New thriller ‘US’ olds a dark mirror to reflect ourselves

by Shane Dillon
0 comment

In most films, the baddies are always ‘The Other’ – some external force, figure or agency that poses a threat to be overcome.

Ripley had to defeat the xenomorph in Alien; the one-armed stranger had to defeat an entire town in Bad Day at Black Rock.

But in director Jordan Peele’s (Get Out) new, provocative film, Us (Cert 16, 117 mins), the enemy is quite literally us, ourselves – and who can provide a more potent, terrifying enemy than yourself?

It’s an interesting concept that underpins the film, which plays with conventions of the psycho-horror genre (adding a dash of sociopolitical commentary), but also throws in some creepy laughs that, together, creates a striking film from Peele.

At its heart, then, the film has a straightforward enough central premise that’s easy to sum up, but which Us takes as a basis to play with and experiment with audience expectations.

In Us, a nice, ordinary small family of middle-class black people – the Wilsons – find themselves in a fight for their survival when some creepy, murderous doppelgangers show up one night at their home.

That’s a simple summary, but the film plays with that premise, becoming in some ways as much a commentary on various tensions currently ripping through US society as it is more directly about ‘evil twin wants to replace you’.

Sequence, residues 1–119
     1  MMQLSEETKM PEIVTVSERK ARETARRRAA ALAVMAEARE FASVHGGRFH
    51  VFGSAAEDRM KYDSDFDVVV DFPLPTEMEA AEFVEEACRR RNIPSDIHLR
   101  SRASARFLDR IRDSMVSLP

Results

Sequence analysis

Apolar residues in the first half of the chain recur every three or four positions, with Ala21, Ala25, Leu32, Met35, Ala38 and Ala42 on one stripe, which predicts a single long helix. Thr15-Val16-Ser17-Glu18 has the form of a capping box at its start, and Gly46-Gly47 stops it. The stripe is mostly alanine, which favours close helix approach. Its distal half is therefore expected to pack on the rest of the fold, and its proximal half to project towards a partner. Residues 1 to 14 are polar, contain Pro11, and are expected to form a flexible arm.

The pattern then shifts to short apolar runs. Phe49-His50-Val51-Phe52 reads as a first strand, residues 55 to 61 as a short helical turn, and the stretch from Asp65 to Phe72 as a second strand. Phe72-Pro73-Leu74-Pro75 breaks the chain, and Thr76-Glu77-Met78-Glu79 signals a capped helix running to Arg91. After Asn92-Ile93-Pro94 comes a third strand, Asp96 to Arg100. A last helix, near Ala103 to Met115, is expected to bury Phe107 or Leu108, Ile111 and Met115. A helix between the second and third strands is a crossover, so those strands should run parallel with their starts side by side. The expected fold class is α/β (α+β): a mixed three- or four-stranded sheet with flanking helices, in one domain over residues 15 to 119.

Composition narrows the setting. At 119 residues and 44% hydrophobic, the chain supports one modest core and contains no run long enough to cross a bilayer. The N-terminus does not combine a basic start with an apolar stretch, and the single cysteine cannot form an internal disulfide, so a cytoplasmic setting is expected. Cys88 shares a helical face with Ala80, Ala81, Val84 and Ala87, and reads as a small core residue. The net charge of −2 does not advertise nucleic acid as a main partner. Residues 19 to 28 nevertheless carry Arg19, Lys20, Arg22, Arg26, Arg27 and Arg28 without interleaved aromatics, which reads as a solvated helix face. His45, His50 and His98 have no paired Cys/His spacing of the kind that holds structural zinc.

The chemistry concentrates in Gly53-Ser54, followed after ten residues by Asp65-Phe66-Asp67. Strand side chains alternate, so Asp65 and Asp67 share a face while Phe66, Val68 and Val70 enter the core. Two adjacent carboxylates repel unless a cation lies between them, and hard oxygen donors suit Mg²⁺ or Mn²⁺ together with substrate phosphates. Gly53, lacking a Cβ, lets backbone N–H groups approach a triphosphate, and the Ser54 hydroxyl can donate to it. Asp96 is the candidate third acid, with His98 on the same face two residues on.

Yet there’s something of a mystery, too, to unpack at the heart of the film.

These Others aren’t just, say, hellspawn who’ve randomly wandered in from The Leprechaun Dimension – their ties to the terrified Wilsons are revealed as deep-rooted.

We’ve already been primed for something weird in mum Adelaide’s (a terrific Lupita Nyong’o) past, with a prelude section that put her as a girl in an unsettling situation with modern-day echoes.

That unnerving event, carried as a secret she’s kept even from her easygoing husband Gabe (a likeable Winston Duke), seems to have finally come back to haunt her on this particular very long, dark night of the soul.

Ultimately, the everyman Wilsons are forced into a fight for their very lives, even though escaping the Others, and the neighborhood, may be easier said than done.

Us is, at the very least, an inventively creative film that’s hard to sum up.

Add a dash of slasherdom here, a pinch of comedy there, then stir in some sly commentary, et voila: you’re presented with a memorable slice of some fine film fare.

And if this doesn’t appeal to you, don’t worry – I’m sure your creepy, murderous double will lap it up…

  • Verdict: 8/10

Related Articles